The key to privacy

Do you trust the net enough to e-mail your bank details? The answer is probably no, but Charles Arthur says that you could. He explains how
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The Independent Online

A few weeks ago I realised that I really had a pressing need to use cryptography for my e-mails. I wanted to examine the household finances for the past year in detail, but our online bank doesn't show more than a couple of months of transactions from our account. What I really wanted was for the bank to e-mail me a copy of all my transactions for the past 12 or 15 months in a spreadsheet-friendly format, so I could just squirt them in and start budgeting.

A few weeks ago I realised that I really had a pressing need to use cryptography for my e-mails. I wanted to examine the household finances for the past year in detail, but our online bank doesn't show more than a couple of months of transactions from our account. What I really wanted was for the bank to e-mail me a copy of all my transactions for the past 12 or 15 months in a spreadsheet-friendly format, so I could just squirt them in and start budgeting.

However, sending a plain e-mail is like sending a postcard – you can't be certain it won't be read. And the internet isn't like the Post Office; nobody has taken any pledges not to read your mail.

Obvious solution: get the bank to encrypt the data before sending it. Anyone who intercepted it would simply see a collection of garbage (such as 3]¡Ï=¢Ó""°(check)flÍ#„Eâí6ɼÛM±sÛç‚L, a sample from a file I encoded recently).

The means to do this are already widely available. Called Pretty Good Privacy (PGP), it's available for free for all platforms (including Windows, Macintosh and Palm), and lately in beta form, via PGP Corporation, which puts a corporate face on encryption methods.

If you're new to computerised encryption, your head will start spinning soon after you begin reading about "public keys" and "private keys". Don't sweat it. The essence is: your computer and PGP create an individual electronic padlock, which you upload to some servers on the net. If someone wants to send an e-mail that only you can read, they download a copy of your padlock from a server, use PGP to lock the data, and send it to you. (Confusingly, the padlock is called a "public key". But it doesn't unlock anything.)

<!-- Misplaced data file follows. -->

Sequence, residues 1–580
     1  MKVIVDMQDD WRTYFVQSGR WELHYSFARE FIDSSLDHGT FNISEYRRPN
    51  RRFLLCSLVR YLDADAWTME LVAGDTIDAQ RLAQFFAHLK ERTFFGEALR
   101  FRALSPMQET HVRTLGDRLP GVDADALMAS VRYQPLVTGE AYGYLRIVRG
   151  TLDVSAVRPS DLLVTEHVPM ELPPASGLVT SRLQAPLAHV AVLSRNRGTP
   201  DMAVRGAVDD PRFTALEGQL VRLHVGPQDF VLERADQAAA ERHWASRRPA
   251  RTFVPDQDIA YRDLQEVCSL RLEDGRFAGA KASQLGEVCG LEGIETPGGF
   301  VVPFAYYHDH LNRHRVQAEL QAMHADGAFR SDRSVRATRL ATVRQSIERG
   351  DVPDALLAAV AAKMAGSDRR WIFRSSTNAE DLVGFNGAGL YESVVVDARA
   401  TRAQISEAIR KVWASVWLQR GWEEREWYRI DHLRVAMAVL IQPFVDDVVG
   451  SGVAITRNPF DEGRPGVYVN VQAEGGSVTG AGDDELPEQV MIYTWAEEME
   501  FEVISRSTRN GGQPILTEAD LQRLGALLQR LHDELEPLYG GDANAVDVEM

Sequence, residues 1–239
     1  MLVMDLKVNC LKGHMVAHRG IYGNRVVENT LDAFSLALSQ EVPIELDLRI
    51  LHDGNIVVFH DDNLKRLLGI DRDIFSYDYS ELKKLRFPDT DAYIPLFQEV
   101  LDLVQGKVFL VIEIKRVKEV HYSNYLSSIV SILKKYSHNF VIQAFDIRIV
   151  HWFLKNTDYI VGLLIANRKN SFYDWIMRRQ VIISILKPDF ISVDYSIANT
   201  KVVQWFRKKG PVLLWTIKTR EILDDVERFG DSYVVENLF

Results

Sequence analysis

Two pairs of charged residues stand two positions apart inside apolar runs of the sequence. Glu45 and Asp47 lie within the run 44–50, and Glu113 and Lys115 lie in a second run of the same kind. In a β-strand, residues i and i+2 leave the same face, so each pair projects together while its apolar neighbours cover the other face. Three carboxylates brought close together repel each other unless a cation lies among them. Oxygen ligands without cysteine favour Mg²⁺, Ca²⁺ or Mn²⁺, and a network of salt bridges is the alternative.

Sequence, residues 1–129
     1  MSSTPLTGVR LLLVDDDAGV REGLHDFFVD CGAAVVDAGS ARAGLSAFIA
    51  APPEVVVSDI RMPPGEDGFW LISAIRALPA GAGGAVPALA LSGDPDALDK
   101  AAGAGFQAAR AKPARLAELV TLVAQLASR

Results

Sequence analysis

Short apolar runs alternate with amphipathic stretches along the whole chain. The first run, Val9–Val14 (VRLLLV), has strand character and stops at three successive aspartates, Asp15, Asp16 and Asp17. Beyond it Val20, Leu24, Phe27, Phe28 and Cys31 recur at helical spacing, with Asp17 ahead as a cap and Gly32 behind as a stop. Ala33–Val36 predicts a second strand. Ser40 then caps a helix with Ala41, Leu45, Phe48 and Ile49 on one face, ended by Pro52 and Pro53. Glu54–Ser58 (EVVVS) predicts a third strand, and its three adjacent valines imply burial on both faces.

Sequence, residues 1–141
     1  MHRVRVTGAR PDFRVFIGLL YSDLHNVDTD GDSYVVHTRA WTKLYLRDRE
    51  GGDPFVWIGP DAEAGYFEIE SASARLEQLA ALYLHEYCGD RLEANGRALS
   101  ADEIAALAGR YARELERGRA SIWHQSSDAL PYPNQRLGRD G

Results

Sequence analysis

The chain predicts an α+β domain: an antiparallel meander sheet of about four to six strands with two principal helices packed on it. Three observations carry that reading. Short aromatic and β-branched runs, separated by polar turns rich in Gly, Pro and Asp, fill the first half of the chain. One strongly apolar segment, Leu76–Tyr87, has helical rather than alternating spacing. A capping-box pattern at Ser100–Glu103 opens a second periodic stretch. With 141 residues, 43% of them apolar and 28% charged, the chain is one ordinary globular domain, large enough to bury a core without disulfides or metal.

On your computer is your "private key". Only this can unlock your particular padlock. It is protected by two things: it's on your machine, and it needs a password to operate it, which only you (should) know.

So for my bank to encrypt my household accounts, it would have to find my "public key"(think: padlock) online, use it with PGP to encrypt (lock) the data, and e-mail it to me. Anyone intercepting the data midway without my private (unlocking) key couldn't read it. (With multiple "padlocks" you can also encode for multiple recipients, who will each be able to decode the file with their individual private keys.)

PGP works for all sorts of files, including those with pictures embedded, and it doesn't bloat them; I found that a Microsoft Word file with a pictureactually shrank from 1.2Mb to 1.1Mb after being encrypted – and the picture and file came out the same at the other end. You can also "sign" unencrypted e-mails with PGP, to confirm that it hasn't been tampered with en route – useful if you fear being misquoted.

I think the time is ripe for PGP to take off. It's good for safeguarding data, and building up trust in what you read online. It could even be a weapon against spammers if more people refused unencrypted e-mail from people they don't know. It's worth pursuing – especially as it's freeware, so you can't lose financially.

www.pgp.com. What's your take on the need for encryption? Tell us at network@independent.co.uk (public key under "Charles Arthur, The Independent, Network editor" from ldap://keyserver.pgp.com)

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